HONG KONG (Reuters) – Huawei pegged its patent talks with U.S. carrier Verizon (VZ.N) as “common” business activity and said such negotiations should not be politicized, days after a senator filed legislation to prevent the Chinese firm from seeking damages in U.S. courts.
FILE PHOTO: A Huawei company logo is seen at CES (Consumer Electronics Show) Asia 2019 in Shanghai, China June 11, 2019. REUTERS/Aly Song/File Photo
The company has demanded that Verizon pay licensing fees for more than 230 of the telecoms equipment maker’s patents and is seeking over $1 billion, a person has told Reuters, against a background of mounting U.S.-China trade tensions.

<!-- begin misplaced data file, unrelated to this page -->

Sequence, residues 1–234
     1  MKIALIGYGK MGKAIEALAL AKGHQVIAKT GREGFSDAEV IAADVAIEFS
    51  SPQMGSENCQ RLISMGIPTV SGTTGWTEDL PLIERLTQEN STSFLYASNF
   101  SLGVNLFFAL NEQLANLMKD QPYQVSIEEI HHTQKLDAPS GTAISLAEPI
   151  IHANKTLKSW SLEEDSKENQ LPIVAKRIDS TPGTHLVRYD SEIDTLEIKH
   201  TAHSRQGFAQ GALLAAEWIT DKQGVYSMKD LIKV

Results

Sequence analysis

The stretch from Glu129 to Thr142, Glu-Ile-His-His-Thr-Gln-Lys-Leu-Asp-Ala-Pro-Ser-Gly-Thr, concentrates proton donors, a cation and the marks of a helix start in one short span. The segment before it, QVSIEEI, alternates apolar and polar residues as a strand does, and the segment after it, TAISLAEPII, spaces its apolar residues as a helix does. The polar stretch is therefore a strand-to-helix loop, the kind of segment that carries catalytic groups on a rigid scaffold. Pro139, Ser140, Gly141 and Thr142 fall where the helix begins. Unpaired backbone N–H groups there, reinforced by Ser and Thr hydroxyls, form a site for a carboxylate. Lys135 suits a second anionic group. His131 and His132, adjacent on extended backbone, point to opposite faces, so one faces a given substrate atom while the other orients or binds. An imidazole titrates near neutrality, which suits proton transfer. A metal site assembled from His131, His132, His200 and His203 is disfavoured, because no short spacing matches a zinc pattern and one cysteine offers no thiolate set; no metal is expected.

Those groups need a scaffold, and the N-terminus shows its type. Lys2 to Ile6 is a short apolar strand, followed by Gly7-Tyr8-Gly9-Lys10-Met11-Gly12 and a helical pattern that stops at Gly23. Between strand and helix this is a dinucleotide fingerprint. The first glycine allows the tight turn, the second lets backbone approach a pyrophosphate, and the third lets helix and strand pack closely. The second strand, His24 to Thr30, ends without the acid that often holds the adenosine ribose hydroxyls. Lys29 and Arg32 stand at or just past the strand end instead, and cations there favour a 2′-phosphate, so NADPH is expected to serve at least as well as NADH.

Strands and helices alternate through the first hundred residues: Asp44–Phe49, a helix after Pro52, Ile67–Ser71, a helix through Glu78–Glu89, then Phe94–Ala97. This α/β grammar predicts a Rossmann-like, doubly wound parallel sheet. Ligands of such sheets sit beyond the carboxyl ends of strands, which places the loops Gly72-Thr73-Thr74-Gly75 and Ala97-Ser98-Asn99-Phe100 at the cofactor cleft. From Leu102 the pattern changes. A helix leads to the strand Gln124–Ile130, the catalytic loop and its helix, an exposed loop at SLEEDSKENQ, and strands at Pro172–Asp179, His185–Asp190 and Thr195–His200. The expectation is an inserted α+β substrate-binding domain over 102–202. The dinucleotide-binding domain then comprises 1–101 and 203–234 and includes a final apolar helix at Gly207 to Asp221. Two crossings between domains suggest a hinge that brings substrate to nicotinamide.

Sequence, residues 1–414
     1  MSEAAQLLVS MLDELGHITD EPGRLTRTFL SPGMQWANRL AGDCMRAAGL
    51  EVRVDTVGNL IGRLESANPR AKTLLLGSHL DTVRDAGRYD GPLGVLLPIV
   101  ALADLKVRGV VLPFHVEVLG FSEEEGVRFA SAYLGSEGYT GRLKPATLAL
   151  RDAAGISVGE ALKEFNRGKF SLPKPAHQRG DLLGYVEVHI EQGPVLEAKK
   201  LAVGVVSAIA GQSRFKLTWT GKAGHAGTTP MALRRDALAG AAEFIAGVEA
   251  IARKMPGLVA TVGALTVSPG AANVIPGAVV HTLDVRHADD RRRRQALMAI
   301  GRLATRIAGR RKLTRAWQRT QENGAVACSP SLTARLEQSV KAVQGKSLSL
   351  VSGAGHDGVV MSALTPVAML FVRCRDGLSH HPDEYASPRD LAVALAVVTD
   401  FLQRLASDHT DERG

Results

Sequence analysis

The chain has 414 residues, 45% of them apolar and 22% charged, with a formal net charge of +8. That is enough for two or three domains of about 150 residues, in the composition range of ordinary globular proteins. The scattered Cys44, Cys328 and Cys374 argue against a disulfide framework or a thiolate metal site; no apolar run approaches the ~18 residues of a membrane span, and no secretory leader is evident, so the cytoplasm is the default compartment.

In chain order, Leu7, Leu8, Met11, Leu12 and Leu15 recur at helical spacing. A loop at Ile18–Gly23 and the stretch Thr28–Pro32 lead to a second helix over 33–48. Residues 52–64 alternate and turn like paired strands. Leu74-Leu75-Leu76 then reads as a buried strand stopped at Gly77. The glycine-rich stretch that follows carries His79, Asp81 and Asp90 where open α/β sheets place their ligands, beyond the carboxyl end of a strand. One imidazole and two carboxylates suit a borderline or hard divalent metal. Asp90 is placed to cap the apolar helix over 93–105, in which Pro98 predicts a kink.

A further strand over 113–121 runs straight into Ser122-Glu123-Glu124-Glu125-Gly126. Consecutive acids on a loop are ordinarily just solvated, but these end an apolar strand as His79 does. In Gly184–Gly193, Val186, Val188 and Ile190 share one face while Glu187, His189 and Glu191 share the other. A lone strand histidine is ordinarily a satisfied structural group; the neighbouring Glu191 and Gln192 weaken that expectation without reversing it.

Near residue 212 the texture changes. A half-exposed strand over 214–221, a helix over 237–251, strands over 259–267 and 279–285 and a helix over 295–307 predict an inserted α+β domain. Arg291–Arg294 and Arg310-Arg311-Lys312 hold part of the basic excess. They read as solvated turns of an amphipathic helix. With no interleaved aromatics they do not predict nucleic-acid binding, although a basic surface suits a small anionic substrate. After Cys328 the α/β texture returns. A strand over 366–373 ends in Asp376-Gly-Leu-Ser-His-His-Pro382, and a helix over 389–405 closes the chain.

Republican Senator Marco Rubio has described Huawei’s demand as “baseless” and filed the legislation as an amendment to the National Defense Authorization Act, or NDAA, which places a broad ban on the use of U.S. federal money to buy Huawei products citing national security concerns.
“We simply don’t believe Marco Rubio’s amendment could be passed as law,” Huawei’s chief legal officer, Song Liuping, said at the company’s Shenzhen headquarters on Thursday.
Intellectual property (IP) rights “should not be…